Well, after talking it over with a few folks this morning and thinking some more, I've come to the conclusion that post was kind of wrong, on the major question: what is Atomic?
In that last post I came to the conclusion that Atomic was a deployment method. I still think deployment method is a perfectly viable concept, but I no longer think Atomic really is one. Rather,
ostree is a deployment method, and Atomic really is - as I previously was considering it - something more like a payload.
Reading the Project Atomic site, it seems I was kind of working from an outdated understanding of the 'Atomic' concept. I'd always understood it as being more or less a branding of
ostree, i.e. an 'Atomic' system was just one that used the
ostree deployment method. But it seems the concept has now been somewhat changed upstream. To quote the Introduction to Project Atomic:
"The core of Project Atomic is the Project Atomic Host. This is a lightweight operating system that has been assembled out of upstream RPM content. ...
Project Atomic builds on these features, using the following components, which have been tailored for containerized-application management:
- Docker, an open source project for creating lightweight, portable, self-sufficient application containers.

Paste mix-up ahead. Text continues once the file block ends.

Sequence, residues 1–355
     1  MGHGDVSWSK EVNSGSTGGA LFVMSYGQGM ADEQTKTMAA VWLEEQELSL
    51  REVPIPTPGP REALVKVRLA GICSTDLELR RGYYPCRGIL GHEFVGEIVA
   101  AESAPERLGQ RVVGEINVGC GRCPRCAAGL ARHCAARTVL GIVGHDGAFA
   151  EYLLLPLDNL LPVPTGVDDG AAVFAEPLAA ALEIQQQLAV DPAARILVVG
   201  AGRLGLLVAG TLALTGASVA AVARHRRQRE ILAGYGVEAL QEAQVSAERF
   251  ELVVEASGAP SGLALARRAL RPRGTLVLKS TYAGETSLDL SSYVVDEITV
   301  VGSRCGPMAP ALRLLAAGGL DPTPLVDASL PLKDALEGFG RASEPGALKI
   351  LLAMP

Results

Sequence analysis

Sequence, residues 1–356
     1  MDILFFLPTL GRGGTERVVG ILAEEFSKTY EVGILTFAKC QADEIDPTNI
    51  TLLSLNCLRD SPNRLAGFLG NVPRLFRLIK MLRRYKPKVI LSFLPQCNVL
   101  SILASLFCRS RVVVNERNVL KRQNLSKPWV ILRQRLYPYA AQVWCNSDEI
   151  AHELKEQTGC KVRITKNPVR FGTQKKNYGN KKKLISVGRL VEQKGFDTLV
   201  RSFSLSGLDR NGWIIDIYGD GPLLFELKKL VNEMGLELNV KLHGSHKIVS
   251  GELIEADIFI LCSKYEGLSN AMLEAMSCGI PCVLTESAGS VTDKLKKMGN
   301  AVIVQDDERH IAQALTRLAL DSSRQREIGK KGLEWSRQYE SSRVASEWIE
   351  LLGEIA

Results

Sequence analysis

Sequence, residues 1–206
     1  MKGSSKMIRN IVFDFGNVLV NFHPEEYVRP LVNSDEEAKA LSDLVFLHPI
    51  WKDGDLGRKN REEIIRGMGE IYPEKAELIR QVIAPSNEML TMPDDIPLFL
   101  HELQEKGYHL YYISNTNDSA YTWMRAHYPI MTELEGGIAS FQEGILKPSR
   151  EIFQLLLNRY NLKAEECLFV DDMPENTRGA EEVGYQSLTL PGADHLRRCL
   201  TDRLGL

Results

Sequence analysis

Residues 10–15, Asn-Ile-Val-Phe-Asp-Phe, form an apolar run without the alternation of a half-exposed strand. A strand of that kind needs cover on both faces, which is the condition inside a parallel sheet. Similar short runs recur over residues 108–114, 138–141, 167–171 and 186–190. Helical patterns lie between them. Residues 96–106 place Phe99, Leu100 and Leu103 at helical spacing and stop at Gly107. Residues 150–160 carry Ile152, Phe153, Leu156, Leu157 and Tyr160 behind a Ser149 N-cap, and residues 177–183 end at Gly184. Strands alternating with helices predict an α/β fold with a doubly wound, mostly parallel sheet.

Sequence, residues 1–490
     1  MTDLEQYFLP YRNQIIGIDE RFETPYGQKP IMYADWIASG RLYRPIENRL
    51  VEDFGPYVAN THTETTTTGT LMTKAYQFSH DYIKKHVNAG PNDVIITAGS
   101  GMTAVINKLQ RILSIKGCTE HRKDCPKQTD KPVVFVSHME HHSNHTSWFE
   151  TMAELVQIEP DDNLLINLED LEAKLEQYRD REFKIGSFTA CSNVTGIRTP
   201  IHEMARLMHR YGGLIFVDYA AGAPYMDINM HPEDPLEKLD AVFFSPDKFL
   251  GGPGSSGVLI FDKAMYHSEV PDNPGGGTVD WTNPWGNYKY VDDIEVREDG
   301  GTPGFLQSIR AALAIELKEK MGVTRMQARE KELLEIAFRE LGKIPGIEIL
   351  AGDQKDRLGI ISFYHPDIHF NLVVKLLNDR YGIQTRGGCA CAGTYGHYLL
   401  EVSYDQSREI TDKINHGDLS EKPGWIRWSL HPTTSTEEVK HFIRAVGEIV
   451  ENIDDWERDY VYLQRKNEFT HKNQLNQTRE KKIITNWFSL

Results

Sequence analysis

- Kubernetes, an open source project that allows you to manage a cluster of Linux containers as a single system.
- rpm-ostree, an open source tool for managing bootable, immutable, versioned filesystem trees from upstream RPM content.
- systemd, an open source system and service manager for Linux."
There is still some conceptual confusion about exactly what Atomic means - for instance, there's a concept called Atomic Apps, and it is apparently fine to deploy Atomic Apps on systems which are not Atomic Hosts. But after discussing it with some folks this morning, I think it's reasonable to take the following as a principle:
Any Fedora image with 'Atomic' in its name deploys as an Atomic Host as defined by Project Atomic.
Assuming that rule holds, for 'image identification' purposes under the fedfind concepts covered in the previous post,
atomic really does work best as something in the line of a
payload. It also implies the deployment method
ostree, but I think I'm OK with leaving that concept out of fedfind for now as it's functionally useless: as all Atomic images have
ostree deployment and all non-Atomic images have
rpm deployment, distinguishing the properties is no use at this point. I'm going to hold it in reserve for the future, in case we get other images that use non-RPM deployment methods but are not Atomic hosts.
For now I think I'll more or less go back to the subflavor concept I initially threw out in favour of deployment, and for current purposes, all Atomic images will have flavor
cloud and subflavor
atomic. The alternative is to have a concept that's a bit more parallel to flavor and loadout which feeds into payload, but for now keeping the interface stable seems better.